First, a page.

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Quantum weirdness of photon behavior

  1. Oct 16, 2009 #1
    As a chemist, I'm accustomed to thinking of electrons in the wave/particle dualistic sense and their energy orbitals in terms of quantum mechanical wave equations and probabilities. But I would like some input on the following thought experiment relating to photons and the wave behavior of light.

    If we place a light source in the center of a room and flick it on briefly, all walls, floor and ceiling are illuminated. Jillions of photons. But what if our light source were designed to allow only a single photon of energy to be released? My thinking is that, given that the energy released is a quantum mechanical wave, that wave propagates from the source at the speed of light in all possible 3-D directions. Theoretically, illumination can occur anywhere in the room where an object might be struck by that photon. However, the very first "contact" with an object causes the wave equations to collapse and the photon at that instant exhibits particle behavior, and that one miniscule spot, no matter where we decided to put the object, is the only spot illuminated, and because of our random choice of location for the object, that becomes, de facto, the "direction" of the wave/photon from the source.

    Is this an appropriate understanding of light's wave behavior?
  2. jcsd
  3. Oct 17, 2009 #2


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    Yes. An emitted photon has the potential to take a path to many different spots even though it ends up only going to one. When it is absorbed somewhere in the room, there is collapse, and all other paths are now the ones not taken. So an absorption "here" means no absorption "there". (The collapse is instantaneous as best as can be determined.)
  4. Oct 17, 2009 #3
    If you put a photon detector at some place in the room, there is a *probability* that the detector will detect it, which is calculated from the wavefunction of the photon (and depends on the size of the detection region). I'm not sure what you mean by "very first `contact' with an object...".

    The answer to your question is yes, with some caveats. First you have to choose an "interpretation of quantum mechanics" to work with. E.g. if you take a consistent histories interpretation (or similar framework), you can say the following:

    Between emission and detection, the photon doesn't *generally* have a precise location, so the direction of the photon's path may not be described with a linear path. E.G. if we happen to have a double slit apparatus set up between the detector and the source, you can't trace back a precise path for the photon from the detector, through one of the slits and back to a particular part of the source. But in your particular setup, without anything going on but emission and detection, it is consistent to say the source had a probability of emitting in some direction, and if your detector picks up the photon, it is consistent to trace back the path of the photon.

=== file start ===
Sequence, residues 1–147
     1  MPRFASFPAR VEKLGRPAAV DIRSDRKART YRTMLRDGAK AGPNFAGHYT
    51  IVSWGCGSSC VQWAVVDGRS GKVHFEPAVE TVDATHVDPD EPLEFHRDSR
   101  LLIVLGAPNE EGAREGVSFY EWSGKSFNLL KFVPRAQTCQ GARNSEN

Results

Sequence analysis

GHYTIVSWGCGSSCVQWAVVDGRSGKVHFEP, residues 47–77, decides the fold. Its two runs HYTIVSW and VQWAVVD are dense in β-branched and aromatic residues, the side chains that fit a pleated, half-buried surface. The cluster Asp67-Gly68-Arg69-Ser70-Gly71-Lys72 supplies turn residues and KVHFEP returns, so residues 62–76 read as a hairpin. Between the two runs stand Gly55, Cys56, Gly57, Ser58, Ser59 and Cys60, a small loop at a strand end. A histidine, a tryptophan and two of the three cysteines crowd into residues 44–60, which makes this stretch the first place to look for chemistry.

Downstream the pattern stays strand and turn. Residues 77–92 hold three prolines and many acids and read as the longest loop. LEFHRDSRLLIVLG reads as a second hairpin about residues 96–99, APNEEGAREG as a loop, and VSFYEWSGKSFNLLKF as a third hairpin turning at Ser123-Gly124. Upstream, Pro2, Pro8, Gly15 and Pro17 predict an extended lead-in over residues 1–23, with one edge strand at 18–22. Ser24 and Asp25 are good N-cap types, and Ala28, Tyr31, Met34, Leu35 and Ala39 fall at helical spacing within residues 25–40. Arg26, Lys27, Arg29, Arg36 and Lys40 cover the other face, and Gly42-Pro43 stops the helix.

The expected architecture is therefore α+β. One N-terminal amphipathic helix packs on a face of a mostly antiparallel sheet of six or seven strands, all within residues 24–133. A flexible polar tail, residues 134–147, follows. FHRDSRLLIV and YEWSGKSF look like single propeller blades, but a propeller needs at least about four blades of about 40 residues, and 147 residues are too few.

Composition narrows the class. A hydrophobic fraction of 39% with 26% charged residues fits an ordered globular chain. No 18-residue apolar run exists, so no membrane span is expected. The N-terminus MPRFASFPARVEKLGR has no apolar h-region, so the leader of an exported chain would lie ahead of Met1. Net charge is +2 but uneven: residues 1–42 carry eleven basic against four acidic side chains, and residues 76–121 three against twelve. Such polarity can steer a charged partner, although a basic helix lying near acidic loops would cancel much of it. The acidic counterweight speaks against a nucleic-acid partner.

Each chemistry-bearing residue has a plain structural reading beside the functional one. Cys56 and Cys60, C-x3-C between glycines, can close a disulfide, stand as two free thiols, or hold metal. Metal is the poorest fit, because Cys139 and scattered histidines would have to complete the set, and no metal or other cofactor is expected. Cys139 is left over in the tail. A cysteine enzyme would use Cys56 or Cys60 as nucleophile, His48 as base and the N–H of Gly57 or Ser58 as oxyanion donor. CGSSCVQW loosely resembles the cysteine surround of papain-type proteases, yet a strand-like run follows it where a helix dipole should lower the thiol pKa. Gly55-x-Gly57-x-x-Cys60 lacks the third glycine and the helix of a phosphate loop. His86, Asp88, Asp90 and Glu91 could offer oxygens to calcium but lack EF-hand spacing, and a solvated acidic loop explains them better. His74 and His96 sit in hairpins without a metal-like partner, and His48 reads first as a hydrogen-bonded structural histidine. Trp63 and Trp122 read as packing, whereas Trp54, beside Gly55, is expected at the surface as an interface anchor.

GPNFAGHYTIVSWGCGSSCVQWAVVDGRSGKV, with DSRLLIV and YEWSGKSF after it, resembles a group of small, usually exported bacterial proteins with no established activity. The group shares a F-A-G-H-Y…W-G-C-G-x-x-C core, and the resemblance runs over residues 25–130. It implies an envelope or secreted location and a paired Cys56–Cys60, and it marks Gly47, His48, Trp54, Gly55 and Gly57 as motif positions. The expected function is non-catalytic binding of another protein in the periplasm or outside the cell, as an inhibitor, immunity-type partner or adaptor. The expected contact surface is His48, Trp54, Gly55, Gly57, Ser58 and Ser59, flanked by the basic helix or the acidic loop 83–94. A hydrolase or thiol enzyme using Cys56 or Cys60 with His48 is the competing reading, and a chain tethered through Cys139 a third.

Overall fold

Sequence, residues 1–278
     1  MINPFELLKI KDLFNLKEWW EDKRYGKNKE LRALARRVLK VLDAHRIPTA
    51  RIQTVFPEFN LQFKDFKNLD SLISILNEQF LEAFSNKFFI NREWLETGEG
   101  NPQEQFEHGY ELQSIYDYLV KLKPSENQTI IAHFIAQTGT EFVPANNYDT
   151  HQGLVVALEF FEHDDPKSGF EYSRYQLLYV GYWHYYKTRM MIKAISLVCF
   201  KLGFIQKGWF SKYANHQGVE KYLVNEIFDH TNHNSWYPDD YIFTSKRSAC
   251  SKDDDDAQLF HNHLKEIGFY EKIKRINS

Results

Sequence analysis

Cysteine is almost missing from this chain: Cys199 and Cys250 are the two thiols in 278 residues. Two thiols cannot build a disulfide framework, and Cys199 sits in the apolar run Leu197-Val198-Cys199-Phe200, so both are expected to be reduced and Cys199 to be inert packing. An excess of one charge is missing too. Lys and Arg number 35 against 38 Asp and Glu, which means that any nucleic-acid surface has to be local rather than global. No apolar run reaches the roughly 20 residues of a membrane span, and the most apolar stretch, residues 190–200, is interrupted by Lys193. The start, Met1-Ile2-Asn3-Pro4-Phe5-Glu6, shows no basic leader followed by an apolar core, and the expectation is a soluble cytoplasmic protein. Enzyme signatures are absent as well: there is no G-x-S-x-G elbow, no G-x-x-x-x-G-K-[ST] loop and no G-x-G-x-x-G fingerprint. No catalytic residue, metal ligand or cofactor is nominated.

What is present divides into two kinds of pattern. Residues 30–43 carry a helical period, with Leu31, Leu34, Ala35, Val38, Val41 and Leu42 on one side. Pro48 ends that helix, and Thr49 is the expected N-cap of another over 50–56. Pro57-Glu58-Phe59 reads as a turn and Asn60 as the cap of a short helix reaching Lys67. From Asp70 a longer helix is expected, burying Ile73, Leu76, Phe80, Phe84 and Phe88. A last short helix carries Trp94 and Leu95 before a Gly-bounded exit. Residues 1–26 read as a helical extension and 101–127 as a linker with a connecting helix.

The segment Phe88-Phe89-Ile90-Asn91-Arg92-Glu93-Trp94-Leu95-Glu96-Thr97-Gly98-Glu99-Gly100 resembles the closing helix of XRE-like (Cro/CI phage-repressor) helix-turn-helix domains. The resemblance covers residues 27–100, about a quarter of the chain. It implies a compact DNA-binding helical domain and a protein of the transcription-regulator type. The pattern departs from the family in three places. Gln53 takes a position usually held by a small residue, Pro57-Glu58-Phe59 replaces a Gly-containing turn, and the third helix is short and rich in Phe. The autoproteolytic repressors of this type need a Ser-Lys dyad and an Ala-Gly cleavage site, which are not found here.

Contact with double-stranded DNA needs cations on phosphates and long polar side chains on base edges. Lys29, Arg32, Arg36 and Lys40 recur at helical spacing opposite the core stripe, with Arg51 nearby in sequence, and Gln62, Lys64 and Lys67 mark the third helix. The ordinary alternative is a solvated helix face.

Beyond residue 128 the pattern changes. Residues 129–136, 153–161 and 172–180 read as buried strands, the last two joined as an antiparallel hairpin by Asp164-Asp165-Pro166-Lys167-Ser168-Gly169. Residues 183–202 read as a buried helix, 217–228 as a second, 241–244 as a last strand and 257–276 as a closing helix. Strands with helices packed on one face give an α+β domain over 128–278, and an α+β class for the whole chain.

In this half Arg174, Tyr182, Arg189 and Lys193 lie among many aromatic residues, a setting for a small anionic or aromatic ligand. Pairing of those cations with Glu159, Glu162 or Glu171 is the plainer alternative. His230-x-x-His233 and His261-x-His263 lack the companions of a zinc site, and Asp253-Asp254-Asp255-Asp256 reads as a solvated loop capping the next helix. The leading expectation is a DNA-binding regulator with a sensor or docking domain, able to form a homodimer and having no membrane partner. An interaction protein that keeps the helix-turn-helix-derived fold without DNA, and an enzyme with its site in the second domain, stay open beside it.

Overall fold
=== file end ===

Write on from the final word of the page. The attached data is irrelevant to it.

Another framework for the interpretation of quantum mechanics would say that, no, you can't say the photon had any precise path, being fundamentally described by a wavefunction, until a detection occurs, causing a *physical* collapse of the wavefunction.
  5. Oct 17, 2009 #4
    No, I don't think you can make this claim. Single photons from a point source can be focused by a lens. If the photons chose a certain direction for their trajectory at the moment of emission, then the lens wouldn't work. The lens only works because the light is radiated in all directions at once.
  6. Oct 18, 2009 #5
    Thanks for your responses. The double slit experiment and the lens focusing phenomenon both help "illuminate" the 3D wave characteristic of even a single photon of light. From this behavior I conclude that I can repeat my single photon emission experiment 1000 times, and position my detector anywhere in 3D space around the source, and regardless of where I place the detector, I will always get a positive response showing a single photon striking the detector.

    I can't help but feel that we are missing some fundamental understanding of our physical universe, leaving us forced to accept wave/particle dualism as a make-shift (and hopefully temporary) description of observed phenomena. Maybe when we discover how to merge our understanding of relativity and gravitational fields into quantum mechanics (or vice versa), we will be able to merge these two phenomena into a single cohesive concept.
  7. Oct 18, 2009 #6


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    There are experiments that clearly show that a light wave consists of exactly one photon (which is I think one of your points). For example:


    The only thing I might disagree about is the idea that we don't have a fundamental understanding of the wave and particle nature of light. That dualism is well described by the Heisenberg Uncertainty Principle.
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